After a robust year, highlighted by U.S. Steel Corp.’s first annual profit since 2008, the steel industry is facing an unexpected menace in tumbling oil prices, which have forced production cutbacks and even pressured prices for automotive steel.
The Wall Street Journal reports that the heart of the problem is a build-up since last decade to supply oil and gas drillers. Like many others, steelmakers saw the US energy boom as their salvation. But with oil prices down more than 50% since last summer, energy companies have cut spending on projects requiring steel, and swiftly canceled orders with steel mills.
“There’s been an abrupt change in the near-term outlook in recent weeks,” John Ferriola, chief executive of Charlotte, N.C.-based Nucor Corp. , the country’s biggest steelmaker, said on a conference call Tuesday.
Although Nucor’s fourth-quarter profit rose 23% from a year earlier to $210 million, the company warned that “market conditions in the steel mills segment in the first quarter of 2015 will be impacted by challenges in energy markets due to customer inventory reductions.”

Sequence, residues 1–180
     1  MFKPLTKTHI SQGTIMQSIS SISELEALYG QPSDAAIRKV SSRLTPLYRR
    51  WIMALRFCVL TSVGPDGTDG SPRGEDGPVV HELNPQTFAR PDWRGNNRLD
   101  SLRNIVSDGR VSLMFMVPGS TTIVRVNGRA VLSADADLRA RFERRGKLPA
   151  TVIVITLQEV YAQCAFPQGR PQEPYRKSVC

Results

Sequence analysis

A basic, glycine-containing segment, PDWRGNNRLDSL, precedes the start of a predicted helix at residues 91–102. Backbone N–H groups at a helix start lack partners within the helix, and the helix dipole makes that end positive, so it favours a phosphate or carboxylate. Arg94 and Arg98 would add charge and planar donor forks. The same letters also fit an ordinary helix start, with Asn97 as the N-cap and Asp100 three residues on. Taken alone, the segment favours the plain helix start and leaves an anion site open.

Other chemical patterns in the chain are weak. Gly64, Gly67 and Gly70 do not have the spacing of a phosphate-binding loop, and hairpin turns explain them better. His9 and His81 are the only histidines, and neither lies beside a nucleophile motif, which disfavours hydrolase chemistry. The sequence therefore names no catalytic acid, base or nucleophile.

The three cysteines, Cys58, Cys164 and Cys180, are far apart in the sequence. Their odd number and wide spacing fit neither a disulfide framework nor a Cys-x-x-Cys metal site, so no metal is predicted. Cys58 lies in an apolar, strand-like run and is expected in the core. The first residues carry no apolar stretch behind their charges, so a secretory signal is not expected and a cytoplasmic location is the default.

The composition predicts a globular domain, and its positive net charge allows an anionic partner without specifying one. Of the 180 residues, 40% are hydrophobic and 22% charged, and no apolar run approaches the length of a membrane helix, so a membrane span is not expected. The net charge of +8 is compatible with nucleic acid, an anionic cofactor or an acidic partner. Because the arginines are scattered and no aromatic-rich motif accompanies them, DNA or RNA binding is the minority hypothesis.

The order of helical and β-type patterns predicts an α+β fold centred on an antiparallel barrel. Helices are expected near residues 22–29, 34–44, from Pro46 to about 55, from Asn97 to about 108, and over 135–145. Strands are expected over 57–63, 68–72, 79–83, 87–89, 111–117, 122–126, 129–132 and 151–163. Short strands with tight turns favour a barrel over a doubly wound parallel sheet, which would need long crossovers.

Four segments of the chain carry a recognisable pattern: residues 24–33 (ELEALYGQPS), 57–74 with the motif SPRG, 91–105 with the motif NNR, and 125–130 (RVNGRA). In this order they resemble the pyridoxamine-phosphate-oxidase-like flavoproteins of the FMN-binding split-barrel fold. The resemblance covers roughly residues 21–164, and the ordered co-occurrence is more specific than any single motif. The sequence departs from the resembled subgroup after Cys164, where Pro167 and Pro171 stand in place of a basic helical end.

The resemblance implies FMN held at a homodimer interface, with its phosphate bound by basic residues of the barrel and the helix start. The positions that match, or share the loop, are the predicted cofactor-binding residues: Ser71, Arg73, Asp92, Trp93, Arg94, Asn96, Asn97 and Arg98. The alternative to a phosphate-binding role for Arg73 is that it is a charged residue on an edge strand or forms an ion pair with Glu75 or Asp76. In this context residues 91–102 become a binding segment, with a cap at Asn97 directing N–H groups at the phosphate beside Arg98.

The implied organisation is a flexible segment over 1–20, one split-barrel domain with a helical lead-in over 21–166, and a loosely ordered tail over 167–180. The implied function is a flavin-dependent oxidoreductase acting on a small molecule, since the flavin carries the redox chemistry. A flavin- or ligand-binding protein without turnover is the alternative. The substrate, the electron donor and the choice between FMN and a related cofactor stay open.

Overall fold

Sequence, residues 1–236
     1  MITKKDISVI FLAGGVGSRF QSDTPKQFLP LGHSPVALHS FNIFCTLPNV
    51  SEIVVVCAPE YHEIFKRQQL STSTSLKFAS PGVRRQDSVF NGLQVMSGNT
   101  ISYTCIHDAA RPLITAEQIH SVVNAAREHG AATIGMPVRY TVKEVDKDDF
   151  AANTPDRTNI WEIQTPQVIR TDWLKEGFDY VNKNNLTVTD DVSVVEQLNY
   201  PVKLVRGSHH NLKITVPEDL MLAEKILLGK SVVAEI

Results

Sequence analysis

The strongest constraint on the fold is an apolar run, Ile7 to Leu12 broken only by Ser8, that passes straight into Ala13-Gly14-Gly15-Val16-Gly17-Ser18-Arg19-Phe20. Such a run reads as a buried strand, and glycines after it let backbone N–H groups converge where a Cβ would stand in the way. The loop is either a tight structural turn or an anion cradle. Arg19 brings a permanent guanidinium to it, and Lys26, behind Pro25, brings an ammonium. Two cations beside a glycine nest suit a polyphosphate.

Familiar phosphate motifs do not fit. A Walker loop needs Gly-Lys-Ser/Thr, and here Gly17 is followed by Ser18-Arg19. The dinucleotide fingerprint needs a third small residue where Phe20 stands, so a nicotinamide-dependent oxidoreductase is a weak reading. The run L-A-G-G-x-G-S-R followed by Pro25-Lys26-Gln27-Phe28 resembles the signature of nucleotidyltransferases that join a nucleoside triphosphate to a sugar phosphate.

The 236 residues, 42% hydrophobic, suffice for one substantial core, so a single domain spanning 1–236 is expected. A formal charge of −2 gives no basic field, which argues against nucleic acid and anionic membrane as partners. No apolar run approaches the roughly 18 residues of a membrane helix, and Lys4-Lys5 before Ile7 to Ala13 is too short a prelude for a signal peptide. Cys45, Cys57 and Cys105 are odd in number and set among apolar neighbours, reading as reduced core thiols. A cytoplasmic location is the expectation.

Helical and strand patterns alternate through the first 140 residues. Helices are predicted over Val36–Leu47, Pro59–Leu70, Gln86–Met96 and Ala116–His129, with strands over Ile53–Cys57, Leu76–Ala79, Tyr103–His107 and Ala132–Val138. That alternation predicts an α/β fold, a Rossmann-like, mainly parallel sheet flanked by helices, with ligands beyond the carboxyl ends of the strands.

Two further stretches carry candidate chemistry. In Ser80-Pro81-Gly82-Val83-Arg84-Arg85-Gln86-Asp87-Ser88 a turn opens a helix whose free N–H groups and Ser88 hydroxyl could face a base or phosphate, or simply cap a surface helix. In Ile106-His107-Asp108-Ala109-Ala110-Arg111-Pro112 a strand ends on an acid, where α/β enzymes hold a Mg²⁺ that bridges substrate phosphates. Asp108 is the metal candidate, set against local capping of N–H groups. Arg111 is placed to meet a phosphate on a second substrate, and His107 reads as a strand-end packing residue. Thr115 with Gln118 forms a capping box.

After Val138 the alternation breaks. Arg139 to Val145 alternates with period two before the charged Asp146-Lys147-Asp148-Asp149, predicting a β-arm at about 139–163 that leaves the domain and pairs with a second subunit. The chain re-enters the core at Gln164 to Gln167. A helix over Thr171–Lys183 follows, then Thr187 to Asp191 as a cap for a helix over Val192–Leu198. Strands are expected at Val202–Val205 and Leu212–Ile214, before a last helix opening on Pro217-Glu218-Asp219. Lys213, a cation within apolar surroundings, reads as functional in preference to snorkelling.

On Tuesday, January 27, the day’s biggest mover was Chinese slab, which saw a 1.2% decline to CNY 2,400 ($383.69) per metric ton. The price of Chinese HRC fell 0.8% to a 30-day low of CNY 2,610 ($417.26) per metric ton on Tuesday. The price of Chinese coking coal was unchanged at CNY 1,080 ($172.66) per metric ton. The price of iron ore 58% fines from India hit a high price of CNY 840.00 ($134.29) and a low price of CNY 840.00 ($134.29) per dry metric ton.
The cash price of steel billet saw essentially no change on the LME for the fifth day in a row, remaining around $500.00 per metric ton. The steel billet 3-month price held steady on the LME at $480.00 per metric ton.
The 3-month price of the US HRC futures contract remained essentially flat at $572.00 per short ton. The spot price of the US HRC futures contract remained essentially flat at $583.00 per short ton.